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SilvIR: Definition, Draft 12021-02-12

This post assumes you've read the previous one in the series.

As a terminology note:


We'll explain the outline of what evaluation of a program written in Silver and compiled to SilvIR looks like with an example program that implements a simple language translator tool. The actual grammar will be detailed below, but an overview of how these pieces will fit together might be useful context.

Suppose that this program starts, parses a file, checks it for errors, performs some optimizations, and writes out the optimized version.

When a SilvIR program starts, it invokes a main function. This main function probably pattern-matches on command-line arguments, then invokes the parser on the file specified by the user.

The workings of the parser are outside the scope of SilvIR; it gets called into via a foreign function call. The interface it uses to construct terms is backend-dependent, but it constructs them in the same way a SilvIR program would, and returns them to the SilvIR program.

Note that terms are pure data; one could imagine a datatype that represents arbitrary terms like:

data Term = MkTerm
  { name :: ProductionName
  , children :: [Term]

The compiler then needs to check for errors. This requires providing the AST with an inherited attribute for the environment, so a decorate expression is used. The process of a tree being created corresponding to the term subject to the decorate expression is known as "tree-construction time." This process begins by allocating a tree with identical structure to the term, then traversing through it, running a series of functions ("production bodies") corresponding to the production used at the node to set values for attributes. This includes both setting inherited attributes (or thunks corresponding to them) on children and setting synthesized attributes (or thunks corresponding to them) on the node itself.

After this is done, the attribute value on the root node corresponding to the errors attribute is retrieved. It's a thunk, since synthesized attributes are lazy. (It's also usually defined as a collection attribute, but to keep this example simple, we'll pretend it wasn't, or that whole-program-optimization transformed this away.) Forcing the thunk requires retrieving the errors attribute from each of its children and forcing the resulting thunk. This downwards thunk-following occurs until a leaf node is hit.

If the leaf node's errors is (a thunk around) the empty list, this'll get bubbled up and appended to other lists of errors.

Let's say one of the errors we wish to detect is a variable being used without being defined/bound. The errors attribute therefore depends on an inherited attribute, env. In the simple (unoptimized) case, this results in retrieving the env attribute from the node itself. This will be a thunk set by the parent to refer to the parent's env (or something consed onto it, etc.), so fully forcing the environment would result in traveling up the tree as well.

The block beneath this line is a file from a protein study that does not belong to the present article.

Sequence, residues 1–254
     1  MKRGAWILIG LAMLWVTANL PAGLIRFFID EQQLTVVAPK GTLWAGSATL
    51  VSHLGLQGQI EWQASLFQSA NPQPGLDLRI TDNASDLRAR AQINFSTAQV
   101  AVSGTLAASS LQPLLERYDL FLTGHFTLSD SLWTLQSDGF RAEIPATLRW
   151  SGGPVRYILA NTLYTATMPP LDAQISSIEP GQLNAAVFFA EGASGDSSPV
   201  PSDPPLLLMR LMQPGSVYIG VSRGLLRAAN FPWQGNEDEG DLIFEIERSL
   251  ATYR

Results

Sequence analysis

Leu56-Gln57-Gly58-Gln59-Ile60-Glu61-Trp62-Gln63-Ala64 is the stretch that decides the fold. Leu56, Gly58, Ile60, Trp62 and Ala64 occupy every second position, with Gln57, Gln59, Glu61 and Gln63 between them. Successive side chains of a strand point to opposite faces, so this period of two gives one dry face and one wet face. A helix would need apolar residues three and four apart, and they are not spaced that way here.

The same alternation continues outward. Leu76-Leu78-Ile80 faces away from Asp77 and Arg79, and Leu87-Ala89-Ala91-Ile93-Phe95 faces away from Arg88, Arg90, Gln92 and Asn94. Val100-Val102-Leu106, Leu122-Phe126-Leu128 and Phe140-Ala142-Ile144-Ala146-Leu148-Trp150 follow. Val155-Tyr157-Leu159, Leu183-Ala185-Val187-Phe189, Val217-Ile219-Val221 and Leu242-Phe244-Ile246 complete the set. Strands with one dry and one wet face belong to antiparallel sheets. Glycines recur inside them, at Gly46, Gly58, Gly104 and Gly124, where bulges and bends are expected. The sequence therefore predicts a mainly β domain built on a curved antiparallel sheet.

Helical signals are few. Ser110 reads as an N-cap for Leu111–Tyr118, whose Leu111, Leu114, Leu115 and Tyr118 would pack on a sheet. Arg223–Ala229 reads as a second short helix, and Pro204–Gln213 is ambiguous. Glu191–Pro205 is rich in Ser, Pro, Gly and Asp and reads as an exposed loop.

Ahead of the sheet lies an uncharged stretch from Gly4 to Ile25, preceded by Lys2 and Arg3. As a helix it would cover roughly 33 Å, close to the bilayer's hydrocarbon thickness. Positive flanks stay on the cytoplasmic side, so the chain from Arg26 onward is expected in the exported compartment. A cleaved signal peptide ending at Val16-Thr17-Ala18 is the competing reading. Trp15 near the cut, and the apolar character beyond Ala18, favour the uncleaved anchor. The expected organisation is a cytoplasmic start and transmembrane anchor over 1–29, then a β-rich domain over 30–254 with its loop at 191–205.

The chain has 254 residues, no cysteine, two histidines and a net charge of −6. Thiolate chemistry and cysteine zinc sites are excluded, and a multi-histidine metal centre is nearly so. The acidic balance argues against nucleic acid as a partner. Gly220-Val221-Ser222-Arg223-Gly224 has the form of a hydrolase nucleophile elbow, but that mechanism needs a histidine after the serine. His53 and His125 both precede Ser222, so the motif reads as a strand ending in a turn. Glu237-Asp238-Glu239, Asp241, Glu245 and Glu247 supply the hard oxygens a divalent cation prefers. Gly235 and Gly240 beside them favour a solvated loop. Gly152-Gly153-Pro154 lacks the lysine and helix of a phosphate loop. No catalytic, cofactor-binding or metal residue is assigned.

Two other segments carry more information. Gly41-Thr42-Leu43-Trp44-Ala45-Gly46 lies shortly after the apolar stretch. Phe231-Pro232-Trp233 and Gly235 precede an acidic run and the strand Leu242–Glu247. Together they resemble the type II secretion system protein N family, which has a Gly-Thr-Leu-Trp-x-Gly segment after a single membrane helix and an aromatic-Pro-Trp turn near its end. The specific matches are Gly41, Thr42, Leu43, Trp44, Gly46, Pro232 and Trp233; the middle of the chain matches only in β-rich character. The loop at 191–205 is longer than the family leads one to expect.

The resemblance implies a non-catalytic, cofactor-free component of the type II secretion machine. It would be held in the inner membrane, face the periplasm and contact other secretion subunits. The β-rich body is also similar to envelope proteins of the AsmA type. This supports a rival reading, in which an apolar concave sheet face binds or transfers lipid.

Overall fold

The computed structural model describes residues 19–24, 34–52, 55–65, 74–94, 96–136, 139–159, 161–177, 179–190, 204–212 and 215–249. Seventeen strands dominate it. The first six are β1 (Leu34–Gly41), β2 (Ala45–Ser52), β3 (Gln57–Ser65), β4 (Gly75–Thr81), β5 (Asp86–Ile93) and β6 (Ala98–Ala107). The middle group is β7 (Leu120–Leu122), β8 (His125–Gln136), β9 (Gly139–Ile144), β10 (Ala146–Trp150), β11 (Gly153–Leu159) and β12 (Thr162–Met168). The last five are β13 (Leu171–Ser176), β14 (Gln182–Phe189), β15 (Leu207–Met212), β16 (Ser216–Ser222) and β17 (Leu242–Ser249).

Once all the thunks have been settled and we're back in the main function, we probably pattern-match on this list to check if it's empty. If it's not, we print it, which probably results in a bunch more thunk-forcing, etc.

Assuming there were no errors, we go on to getting an optimized version as a higher-order attribute. These evaluate the same as any other synthesized attributes, but instead of thunks around lists, they're thunks around terms.

We then want to convert this term to a string in order to write it out. This is usually defined as an attribute as well, so we again decorate it to construct a tree for it, and demand the synthesized attribute unparse. Once this comes back, we can write it out to a file.

Lifecycle of a Term

In the above, we can see a general pattern for how terms are created and used.

  1. A term is created, with the cons AST node. This might be reasonably called term-construction, but it's frankly not interesting enough to deserve a name, since terms are plain data.
  2. The term is decorated to create a tree, with the decorate AST node. This is known as "tree-construction." The essential purpose of this is to store thunks for each equation as attributes on the tree.
  3. An attribute is retrieved from the tree, with the getAttr AST node. This does not yet involve evaluating the attribute equations, just retrieving the thunks.
  4. The thunk is forced, with the force AST node. Thunks can contain arbitrary expressions, so this can construct terms or trees, access attributes, force other thunks, etc. As is usual for lazily evaluated languages, once a thunk has been forced, a value is written back, and attempting to force the same thunk again returns the same value, rather than recomputing it.